Senior Member xcutterx's Avatar
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    The unscrewing problem would make sense since the Shimano free hub mechanism is designed to be self tightening when you pedal forward (see the freehub chapter of the manual in the mechanics forum). Since that which can be screwed can be unscrewed...ouch.
    i don't think shimanos are seld tightening. don't the splines keep it in a fixed position? i know mavic and spinergy style freehubs that thread on would come undone but wouldn't a shimano stay in one position since the bolt holds it onto the splines? i welded a friends shimano freehub and he got a DX cog and has had no problems so far. he doesn't ride it a lot but it seems to be working thus far.

  12. #12
    Senior Member smurfy's Avatar
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    A friend of mine gave me a NOS Shimano high-flange rear hub that has a freehub body that accepts 3-speed/coaster-brake style cogs and a hog ring. He used to race BMX back in the late '80s so I guess it's meant for that. I've never heard of these before but maybe something like this could be used for fixed-gear applications. A 1/8th chain would have to be used, however. I'm using this hub for an English 3-speed I'm converting into a SS.

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    Senior Member superchivo's Avatar
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    Cutter,

    The splined freehub assembly (bearings, pawls, and all) is removable from the hub body with a 10mm allen wrench. It is designed to self-tighten with the tension of forward pedaling. If the pawls were jammed up to create a fixed gear situation, I would imagine you could back the assembly out of the hub by pedaling backwards.

    On further reflection, the assembly might not be able to back out if the wheel is tightened down in the dropouts. Only guessing here, but you might have issues with deforming the bearings / cones or stripping out the threads that attach the assembly to the hub body. I guess you could lactate it. I mean how often do you remove the freehub assembly from a wheel?
    "I don't want to learn. The more you drive, the less intelligent you become."

  14. #14
    Rhymes With Bike Schiek's Avatar
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    Quote Originally Posted by superchivo
    Cutter,

    I guess you could lactate it.
    I don't know what kind of weird s**t you are into, but I have never seen a lactating bike.

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    thats not quite right...the 10mm bolt only holds the parts together, rotation of the freehub body is prevented by the splines as the other poster mentioned, just like w/ the newer splined bottom brackets. The problems w/ the other welded hub may have been caused by other factors (maybe the freehub body wasn't seated properly?)...the Surly Fixxer works the same way and I have read of welded freehub bodies that are trouble free. Personally I would generally agree that hacked fixie wheels are best for checking out fixed gear and should be replaced by a real FG wheel if the bike gets much use (though I'm still running a welded BMX freewheel)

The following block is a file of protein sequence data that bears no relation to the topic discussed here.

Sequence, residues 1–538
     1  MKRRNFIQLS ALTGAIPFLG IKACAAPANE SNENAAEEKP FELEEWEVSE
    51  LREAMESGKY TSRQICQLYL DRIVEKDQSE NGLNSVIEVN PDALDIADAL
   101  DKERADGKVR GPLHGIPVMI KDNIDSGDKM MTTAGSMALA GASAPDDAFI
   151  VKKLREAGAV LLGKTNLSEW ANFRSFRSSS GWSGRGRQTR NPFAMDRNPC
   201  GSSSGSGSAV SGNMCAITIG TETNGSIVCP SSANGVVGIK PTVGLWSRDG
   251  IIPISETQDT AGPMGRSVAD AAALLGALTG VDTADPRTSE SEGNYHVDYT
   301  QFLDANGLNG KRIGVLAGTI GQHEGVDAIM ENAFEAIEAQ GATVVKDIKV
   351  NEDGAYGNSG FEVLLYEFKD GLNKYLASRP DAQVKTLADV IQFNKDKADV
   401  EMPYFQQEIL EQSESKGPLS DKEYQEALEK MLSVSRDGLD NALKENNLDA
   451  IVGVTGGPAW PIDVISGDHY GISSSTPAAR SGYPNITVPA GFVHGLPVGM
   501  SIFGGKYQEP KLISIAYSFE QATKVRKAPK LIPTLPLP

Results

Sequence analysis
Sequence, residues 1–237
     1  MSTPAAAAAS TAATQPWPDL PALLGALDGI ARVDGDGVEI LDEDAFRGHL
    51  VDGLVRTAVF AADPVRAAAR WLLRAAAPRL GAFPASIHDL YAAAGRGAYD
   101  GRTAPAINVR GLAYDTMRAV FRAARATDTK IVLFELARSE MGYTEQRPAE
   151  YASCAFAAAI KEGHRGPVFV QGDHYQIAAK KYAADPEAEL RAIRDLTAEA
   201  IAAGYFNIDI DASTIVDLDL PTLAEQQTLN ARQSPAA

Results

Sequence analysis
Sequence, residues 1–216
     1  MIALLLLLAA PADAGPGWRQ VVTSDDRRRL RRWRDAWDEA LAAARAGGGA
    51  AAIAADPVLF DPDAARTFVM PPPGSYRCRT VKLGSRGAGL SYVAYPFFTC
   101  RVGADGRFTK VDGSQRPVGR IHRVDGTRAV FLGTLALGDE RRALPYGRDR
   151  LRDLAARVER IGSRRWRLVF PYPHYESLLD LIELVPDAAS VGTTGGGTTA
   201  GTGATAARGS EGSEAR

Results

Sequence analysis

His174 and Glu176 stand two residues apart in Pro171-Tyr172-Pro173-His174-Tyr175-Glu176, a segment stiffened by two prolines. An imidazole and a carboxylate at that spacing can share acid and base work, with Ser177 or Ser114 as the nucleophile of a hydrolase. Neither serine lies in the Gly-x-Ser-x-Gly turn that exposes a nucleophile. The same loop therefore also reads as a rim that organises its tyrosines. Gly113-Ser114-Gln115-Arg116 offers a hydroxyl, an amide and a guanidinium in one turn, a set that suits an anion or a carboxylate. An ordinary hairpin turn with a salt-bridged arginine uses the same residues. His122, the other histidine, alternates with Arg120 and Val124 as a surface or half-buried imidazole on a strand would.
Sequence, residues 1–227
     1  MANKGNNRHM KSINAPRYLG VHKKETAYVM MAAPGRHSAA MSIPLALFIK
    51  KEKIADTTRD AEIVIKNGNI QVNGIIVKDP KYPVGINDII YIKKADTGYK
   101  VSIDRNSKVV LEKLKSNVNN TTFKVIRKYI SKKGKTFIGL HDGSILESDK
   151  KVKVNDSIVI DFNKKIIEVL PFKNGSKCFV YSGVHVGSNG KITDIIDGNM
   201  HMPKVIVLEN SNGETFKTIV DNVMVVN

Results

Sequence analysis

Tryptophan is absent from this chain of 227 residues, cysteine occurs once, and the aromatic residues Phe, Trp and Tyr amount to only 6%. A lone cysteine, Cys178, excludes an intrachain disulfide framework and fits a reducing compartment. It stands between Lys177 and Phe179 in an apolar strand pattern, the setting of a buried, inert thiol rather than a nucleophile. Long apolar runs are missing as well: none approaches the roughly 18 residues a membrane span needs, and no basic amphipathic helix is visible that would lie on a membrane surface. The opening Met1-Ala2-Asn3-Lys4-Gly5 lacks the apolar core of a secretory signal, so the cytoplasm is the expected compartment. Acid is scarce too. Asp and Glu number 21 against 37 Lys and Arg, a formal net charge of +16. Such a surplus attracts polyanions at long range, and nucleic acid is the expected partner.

16. #16
    Senior Member superchivo's Avatar
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    Though it pains me, I will admit that a misreading of the Barnett manual and a lack of attention on my part while disassembling a hub have caused me to provide inaccurate advice.

    Tom is correct about the splining issue. When I removed the freehub from the wheel, I failed to make the connection between the splines on the back of the freehub body and the mysteriously matching splines on the inside of the hub.

    Call me a lactating dork, I guess.
    "I don't want to learn. The more you drive, the less intelligent you become."

  17. #17
    Needs a bigger hammer Mine'sAPint's Avatar
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    A fixed cassette hub:

    http://www.webcyclery.com/.docs/prod...t_details.html

    Unsure what it's really intended for, but it's kinda interesting!

  18. #18
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    Quote Originally Posted by Mine'sAPint
    A fixed cassette hub:

    http://www.webcyclery.com/.docs/prod...t_details.html

    Unsure what it's really intended for, but it's kinda interesting!

    its intended for trials riders. bc trials riders use such small gear ratios, some people prefer to use cranks that you thread a standard freewheel onto. if you are riding a "modified" trials bike (20" wheels), you use the freewheel up front, and a fixed gear on the back. mod bikes are always SS. but if you ride a stock trials bike (26" wheels) you generally use multiple gears w/ a derailleur. the fixed cassette hub is used for a stock bike w/ multiple speeds which uses a SS freewheel up front. to compete on a stock trials bike you must have at least 5 working gears.

  19. #19
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    Quote Originally Posted by Mine'sAPint
    A fixed cassette hub:

    http://www.webcyclery.com/.docs/prod...t_details.html

    Unsure what it's really intended for, but it's kinda interesting!
    thats exactly what I was invisioning! that is incredibly cool. why don't more people in the fixie world use this? its ingenious!

    If only I knew how to build a wheel, I'd be on my way to converting htat bianchi of mine...

  20. #20
    hello roadfix's Avatar
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    If I was gonna spend money on a fixed cassette hub, it makes more sense to just buy a track hub instead.